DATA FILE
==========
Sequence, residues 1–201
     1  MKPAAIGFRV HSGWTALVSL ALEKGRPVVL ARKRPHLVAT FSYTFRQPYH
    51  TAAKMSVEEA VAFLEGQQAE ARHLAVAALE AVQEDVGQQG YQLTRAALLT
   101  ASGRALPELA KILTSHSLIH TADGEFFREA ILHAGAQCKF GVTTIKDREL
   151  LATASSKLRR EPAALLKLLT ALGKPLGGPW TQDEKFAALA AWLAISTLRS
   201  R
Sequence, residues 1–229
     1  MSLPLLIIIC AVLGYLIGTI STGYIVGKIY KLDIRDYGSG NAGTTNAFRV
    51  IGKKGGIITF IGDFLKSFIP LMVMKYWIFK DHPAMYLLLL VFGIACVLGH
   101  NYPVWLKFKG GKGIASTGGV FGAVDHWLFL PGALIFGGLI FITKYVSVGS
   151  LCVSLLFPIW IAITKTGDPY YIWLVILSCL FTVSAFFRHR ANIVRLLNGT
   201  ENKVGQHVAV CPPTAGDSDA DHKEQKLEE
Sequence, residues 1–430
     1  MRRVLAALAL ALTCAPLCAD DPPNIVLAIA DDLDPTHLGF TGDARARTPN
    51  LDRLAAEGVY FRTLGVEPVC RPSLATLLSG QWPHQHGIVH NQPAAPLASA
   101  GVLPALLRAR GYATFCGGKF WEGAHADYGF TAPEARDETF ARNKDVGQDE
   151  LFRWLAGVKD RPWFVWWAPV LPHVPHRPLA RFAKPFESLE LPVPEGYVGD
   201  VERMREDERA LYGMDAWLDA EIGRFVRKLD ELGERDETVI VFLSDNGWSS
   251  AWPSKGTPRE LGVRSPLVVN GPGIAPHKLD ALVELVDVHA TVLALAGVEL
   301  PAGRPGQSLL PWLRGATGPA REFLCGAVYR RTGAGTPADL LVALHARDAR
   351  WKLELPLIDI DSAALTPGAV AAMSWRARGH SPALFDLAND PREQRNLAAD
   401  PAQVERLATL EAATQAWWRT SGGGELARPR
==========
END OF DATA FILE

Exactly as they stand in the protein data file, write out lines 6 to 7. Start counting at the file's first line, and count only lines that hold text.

   201  R
Sequence, residues 1–229